The impact of Hepatitis C virus infection on mortality of patients receiving regular dialysis remains unclear.
The assessment of the natural history of Hepatitis C virus in dialysis population is difficult because of the low progression of Hepatitis C virus-related liver disease over time.
Assessments are also made difficult because of the reduced life expectancy in patients with end-stage renal disease.
Dr Fabrizio Fabrizi and colleagues from Italy conducted a systematic review of the published medical literature concerning the impact of Hepatitis C virus infection on the survival of patients undergoing maintenance dialysis.
|The summary estimate for adjusted relative risk was 1.3|
|Journal of Viral Hepatitis|
The relative risk of mortality was regarded as the most reliable outcome end-point.
Study-specific relative risks were weighted by the inverse of their variance to obtain fixed- and random-effects pooled estimates for mortality with Hepatitis C virus across the published studies.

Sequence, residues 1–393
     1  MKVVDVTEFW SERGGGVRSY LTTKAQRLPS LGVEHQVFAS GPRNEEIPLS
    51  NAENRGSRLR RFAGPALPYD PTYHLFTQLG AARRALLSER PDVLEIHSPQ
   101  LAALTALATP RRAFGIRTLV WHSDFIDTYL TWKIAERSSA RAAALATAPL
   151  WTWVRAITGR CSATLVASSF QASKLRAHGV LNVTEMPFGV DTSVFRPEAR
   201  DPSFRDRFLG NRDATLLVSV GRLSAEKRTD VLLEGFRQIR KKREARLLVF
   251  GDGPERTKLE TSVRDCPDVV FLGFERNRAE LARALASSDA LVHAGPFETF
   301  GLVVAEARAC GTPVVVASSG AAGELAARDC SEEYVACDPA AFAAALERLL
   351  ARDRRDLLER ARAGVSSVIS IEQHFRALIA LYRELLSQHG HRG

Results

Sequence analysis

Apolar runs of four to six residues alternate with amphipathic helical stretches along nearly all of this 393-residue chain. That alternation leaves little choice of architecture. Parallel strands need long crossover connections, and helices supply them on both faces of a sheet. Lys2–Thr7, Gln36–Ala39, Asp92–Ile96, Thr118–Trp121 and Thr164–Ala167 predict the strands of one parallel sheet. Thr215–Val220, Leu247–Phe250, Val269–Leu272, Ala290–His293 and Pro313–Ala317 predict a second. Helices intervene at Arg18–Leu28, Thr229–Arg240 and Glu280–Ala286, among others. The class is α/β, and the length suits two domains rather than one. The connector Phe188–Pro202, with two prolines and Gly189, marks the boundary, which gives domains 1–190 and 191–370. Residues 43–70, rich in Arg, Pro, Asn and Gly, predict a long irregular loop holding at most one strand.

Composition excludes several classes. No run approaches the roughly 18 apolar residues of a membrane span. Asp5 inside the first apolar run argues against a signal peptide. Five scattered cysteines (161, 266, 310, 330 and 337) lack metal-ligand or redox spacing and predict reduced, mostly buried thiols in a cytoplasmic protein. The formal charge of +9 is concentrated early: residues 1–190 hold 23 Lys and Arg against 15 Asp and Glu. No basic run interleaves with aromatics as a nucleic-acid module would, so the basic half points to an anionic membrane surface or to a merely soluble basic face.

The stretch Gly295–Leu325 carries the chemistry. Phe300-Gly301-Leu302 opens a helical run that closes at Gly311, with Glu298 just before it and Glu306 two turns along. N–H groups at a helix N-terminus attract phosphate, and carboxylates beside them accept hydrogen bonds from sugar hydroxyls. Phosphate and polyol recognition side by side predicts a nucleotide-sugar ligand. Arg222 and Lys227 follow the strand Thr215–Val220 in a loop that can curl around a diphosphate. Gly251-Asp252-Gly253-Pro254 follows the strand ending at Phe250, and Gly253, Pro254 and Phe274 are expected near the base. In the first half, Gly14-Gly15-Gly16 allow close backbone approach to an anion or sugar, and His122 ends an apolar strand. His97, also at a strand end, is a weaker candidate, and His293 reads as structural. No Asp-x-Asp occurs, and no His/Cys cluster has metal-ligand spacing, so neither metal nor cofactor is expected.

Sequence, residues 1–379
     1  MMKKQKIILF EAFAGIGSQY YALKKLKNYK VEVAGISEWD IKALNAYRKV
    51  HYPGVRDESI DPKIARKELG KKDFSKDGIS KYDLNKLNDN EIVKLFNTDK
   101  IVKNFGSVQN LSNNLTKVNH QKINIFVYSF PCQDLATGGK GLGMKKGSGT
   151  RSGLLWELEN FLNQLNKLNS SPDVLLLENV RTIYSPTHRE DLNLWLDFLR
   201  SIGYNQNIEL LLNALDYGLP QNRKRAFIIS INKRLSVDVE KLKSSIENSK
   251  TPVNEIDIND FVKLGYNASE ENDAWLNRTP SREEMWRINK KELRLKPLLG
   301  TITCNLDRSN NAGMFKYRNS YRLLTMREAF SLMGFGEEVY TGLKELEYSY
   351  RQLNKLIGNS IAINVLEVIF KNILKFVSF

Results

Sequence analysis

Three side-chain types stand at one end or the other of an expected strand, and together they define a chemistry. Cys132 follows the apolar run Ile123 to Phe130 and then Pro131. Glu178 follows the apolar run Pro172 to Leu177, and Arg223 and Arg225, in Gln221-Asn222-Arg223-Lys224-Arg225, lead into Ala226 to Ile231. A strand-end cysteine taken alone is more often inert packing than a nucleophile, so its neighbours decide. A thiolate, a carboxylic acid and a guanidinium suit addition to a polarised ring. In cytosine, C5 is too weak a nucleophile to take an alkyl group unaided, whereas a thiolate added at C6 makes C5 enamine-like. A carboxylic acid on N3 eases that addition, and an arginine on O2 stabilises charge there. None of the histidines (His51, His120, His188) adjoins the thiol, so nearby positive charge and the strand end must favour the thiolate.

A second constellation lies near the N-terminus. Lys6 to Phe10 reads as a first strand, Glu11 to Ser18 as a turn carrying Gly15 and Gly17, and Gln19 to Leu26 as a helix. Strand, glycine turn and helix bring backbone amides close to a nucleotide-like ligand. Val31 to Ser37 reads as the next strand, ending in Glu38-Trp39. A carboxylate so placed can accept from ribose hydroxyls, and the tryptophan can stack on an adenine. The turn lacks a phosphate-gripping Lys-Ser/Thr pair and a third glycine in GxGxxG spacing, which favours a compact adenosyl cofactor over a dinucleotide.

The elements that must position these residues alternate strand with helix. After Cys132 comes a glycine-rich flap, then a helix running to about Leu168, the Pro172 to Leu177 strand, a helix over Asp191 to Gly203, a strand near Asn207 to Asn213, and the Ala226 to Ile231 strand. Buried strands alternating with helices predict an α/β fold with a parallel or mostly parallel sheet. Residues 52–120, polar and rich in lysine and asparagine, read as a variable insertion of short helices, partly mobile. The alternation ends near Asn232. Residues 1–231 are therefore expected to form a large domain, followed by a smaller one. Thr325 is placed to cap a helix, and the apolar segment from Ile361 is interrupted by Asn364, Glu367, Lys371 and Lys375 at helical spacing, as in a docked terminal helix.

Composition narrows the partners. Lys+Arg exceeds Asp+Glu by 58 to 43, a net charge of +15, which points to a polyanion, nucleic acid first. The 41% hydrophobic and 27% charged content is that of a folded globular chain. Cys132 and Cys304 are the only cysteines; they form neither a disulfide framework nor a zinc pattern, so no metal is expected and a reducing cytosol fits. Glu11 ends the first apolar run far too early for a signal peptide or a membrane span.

The research team identified 7 studies involving 11,589 unique patients on maintenance dialysis, of which 2 were case-control studies.
Pooling of study results demonstrated that presence of anti-Hepatitis C virus antibody was an independent risk factor for death in maintenance dialysis.
The summary estimate for adjusted relative risk was 1.3.
The researchers undertook a sensitivity analysis including only 5 cohort studies, and found that the pooled adjusted relative risk was 1.4.
The team found as a cause of death, that hepatocellular carcinoma and liver cirrhosis were more frequent among anti-Hepatitis C virus-positive dialysis patients.
Dr Fabrizi's team concluded, "Our meta-analysis indicates that anti-Hepatitis C virus-positive patients on dialysis have an increased risk of mortality compared with Hepatitis C virus-negative patients."
"The excess risk of death in Hepatitis C virus-positive patients may be at least partially attributed to chronic liver disease with its attendant complications."